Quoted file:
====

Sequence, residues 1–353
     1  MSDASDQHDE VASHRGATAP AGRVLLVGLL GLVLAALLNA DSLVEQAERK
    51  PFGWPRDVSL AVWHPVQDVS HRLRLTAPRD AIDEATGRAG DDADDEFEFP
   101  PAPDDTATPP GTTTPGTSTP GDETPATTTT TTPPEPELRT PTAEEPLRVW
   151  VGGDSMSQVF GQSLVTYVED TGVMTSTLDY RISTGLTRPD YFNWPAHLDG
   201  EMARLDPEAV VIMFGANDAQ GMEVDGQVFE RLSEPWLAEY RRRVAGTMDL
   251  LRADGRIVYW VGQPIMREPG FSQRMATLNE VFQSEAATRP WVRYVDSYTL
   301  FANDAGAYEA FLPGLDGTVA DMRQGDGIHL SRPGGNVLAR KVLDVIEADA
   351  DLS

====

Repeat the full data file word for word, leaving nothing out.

Sequence, residues 1–353
     1  MSDASDQHDE VASHRGATAP AGRVLLVGLL GLVLAALLNA DSLVEQAERK
    51  PFGWPRDVSL AVWHPVQDVS HRLRLTAPRD AIDEATGRAG DDADDEFEFP
   101  PAPDDTATPP GTTTPGTSTP GDETPATTTT TTPPEPELRT PTAEEPLRVW
   151  VGGDSMSQVF GQSLVTYVED TGVMTSTLDY RISTGLTRPD YFNWPAHLDG
   201  EMARLDPEAV VIMFGANDAQ GMEVDGQVFE RLSEPWLAEY RRRVAGTMDL
   251  LRADGRIVYW VGQPIMREPG FSQRMATLNE VFQSEAATRP WVRYVDSYTL
   301  FANDAGAYEA FLPGLDGTVA DMRQGDGIHL SRPGGNVLAR KVLDVIEADA
   351  DLS